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China Rail Holidays

China Rail Holidays

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China is big. Really big. With sweeping landscapes that are filled with some of the world’s most incredible sights and fast-paced cities that meld ancient and modern effortlessly.

There’s 5,000 years of history to explore and a complex culture to unravel, some delicious food to taste and beautiful scenery to admire. So how do you even begin to explore it? By scratching the surface of course! The must-see cities and sights, like capital Beijing, the Great Wall, Terracotta Army, Shanghai, cuddly-looking giant pandas, the breathtaking panoramas of the Yangtze and Li rivers, will give you an understanding of what China was, is and is going to be, and a whole load of unforgettable memories too!

The amount of rail travel you'll be enjoying varies from tour to tour. You may be exploring a country travelling predominantly by train or perhaps just getting a flavour of how the locals get about with one or two select journeys. We've also included those tours that include a journey on iconic scenic trains. Take a look at the tour inclusions to see how many rail journeys you'll be enjoying in each instance.

Our Rail Holidays

China's Railways

Travelling by Rail in China

Travelling by Rail in China

As it is so huge, China is a country made for train travel. With the world’s biggest and busiest rail networks, and the longest high-speed network, AND the world’s highest rail line, trains are a simple and fast way to deliver you right into the hidden corners of this vast nation. Modern and comfortable, travelling by train here gives more opportunity to see some of the huge variety of landscapes that China boasts and to interact with locals and fellow travellers alike.

High-speed trains

High-speed trains

China’s high-speed rail network runs to about 45,000 kilometres of track, with trains speeding along at a top speed of 350 kilometres per hour (217 mph). Sleek and sophisticated in appearance and nearly always on time, these bullet trains connect over 200 cities all over the country, and come in three categories, G, D and C.

G trains are the fastest, running during the day, while D is second-fastest and offers overnight facilities like soft sleeper carriages. C trains run between neighbouring cities. All of these trains are air-conditioned, provide free boiled and cold water, have both Western and squat toilets available and have a dining car and café/bar for drinks.

Seats are all forward facing and are wider, softer and plusher with more legroom than your average airline seat. They are also reclinable so you can sit back and watch the landscapes fly by the window or if you’re on one of the newer trains (G category) browse the internet with the train’s Wi-Fi.We take several journeys onboard high-speed trains on our China by Rail and Silk Road Explorer tours. 

Regular trains

Regular trains

Although they don’t reach the speeds of their high-speed counterparts, China’s regular train services are just as effective of moving people around the country but tend to be older and with lower quality facilities which is reflected in the price.

Generally air-conditioned, washbasins and boiled water is available at the end of each coach and there is a dining car serving freshly cooked food. There are toilets onboard, but they tend to be squat only. They also come in three categories – Z, T and K – Z being non-stop express trains that operate long distances between cities, running up to 160 kph (99mph), T being express trains with limited tops and K being fast trains that make the most stops of the three.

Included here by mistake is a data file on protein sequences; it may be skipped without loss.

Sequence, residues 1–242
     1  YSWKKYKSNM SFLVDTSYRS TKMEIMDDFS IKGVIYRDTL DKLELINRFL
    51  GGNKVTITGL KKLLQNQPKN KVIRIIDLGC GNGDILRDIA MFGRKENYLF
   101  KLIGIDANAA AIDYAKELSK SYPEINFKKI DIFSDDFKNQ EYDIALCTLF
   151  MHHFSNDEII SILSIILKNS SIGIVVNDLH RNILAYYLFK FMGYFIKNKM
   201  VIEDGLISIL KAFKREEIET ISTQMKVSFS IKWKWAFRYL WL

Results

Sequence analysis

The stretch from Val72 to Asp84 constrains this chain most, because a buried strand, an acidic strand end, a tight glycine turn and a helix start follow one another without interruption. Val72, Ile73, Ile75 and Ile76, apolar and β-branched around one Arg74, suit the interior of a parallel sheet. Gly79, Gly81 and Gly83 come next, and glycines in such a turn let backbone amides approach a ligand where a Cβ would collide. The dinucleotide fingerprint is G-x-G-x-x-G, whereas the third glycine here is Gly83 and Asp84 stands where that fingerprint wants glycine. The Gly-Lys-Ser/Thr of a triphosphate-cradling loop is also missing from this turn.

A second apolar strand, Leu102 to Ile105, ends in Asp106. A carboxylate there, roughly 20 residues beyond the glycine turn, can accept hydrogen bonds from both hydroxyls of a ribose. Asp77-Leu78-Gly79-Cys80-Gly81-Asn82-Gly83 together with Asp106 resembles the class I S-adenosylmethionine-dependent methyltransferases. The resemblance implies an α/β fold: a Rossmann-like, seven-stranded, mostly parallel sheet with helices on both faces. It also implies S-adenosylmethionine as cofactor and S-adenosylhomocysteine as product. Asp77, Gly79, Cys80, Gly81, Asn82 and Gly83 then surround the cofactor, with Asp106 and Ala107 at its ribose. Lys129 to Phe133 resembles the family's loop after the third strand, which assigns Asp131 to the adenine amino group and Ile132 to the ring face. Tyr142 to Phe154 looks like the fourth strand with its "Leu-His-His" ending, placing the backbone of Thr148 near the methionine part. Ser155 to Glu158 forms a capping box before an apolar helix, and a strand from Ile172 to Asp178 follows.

Regular trains are more likely to offer sleeper services with two classes, soft and hard. Soft sleepers offer compartments with a closing door, with four berths, two on each side, with a pillow and sheet provided, plus an individual reading light – we use this class of carriage on our Tibetan Railroad tour.

Iconic China Rail Journeys

Qinghai-Tibet Railway

Qinghai-Tibet Railway

The centrepiece of our spectacular Tibetan Railroad tour, the Qinghai-Tibet line is the world’s highest railway, nicknamed the ‘Sky Road’ in China, crossing the Tibetan Plateau to reach capital city Lhasa. It is an incredible feat of engineering, much of it built on permafrost, with numerous bridges crossing rivers, torrents and gorges as it makes its way across the roof of the world.

From Xining, China to Lhasa it is 1,972kms and takes around 21 hours. Air-conditioned carriages and a restaurant car keep you comfortable as you cross barren plateau, 5,000 metre plus snow-capped peaks, high-altitude desert, grasslands, innumerable yak herds, and expansive lakes, on one of the most adventurous train journeys out there. During the journey the train reaches Tanggula Pass, its highest point (and the highest of any railway in the world), at 5,231 metres above sea level.

The soft sleeper compartments have four berths plus a supply of hot water and access to Western toilets. As the train climbs higher, oxygen is pumped into the carriages to keep the affects of the altitude at bay.

Shanghai's Maglev

Shanghai's Maglev

Running between Shanghai’s Pudong International Airport and Longyang Road Station, the Shanghai Maglev (Magnetic Levitation) is the world’s first commercial high-speed Maglev train. The Maglev commenced normal operations in October 2003, and completes its 30-kilometre journey between stations in 8 minutes and 10 seconds.

It’s maximum speed is 431 kilometre an hour, making it the world’s fastest train, however, it only runs at this speed at certain times of day, and at 300 kmph at others. Passengers say that as the wheels retract and the train begins to levitate it feels like a plane taking off and that only a slight sway gives away how fast you are travelling. You can experience it for yourself on our China by Rail tour.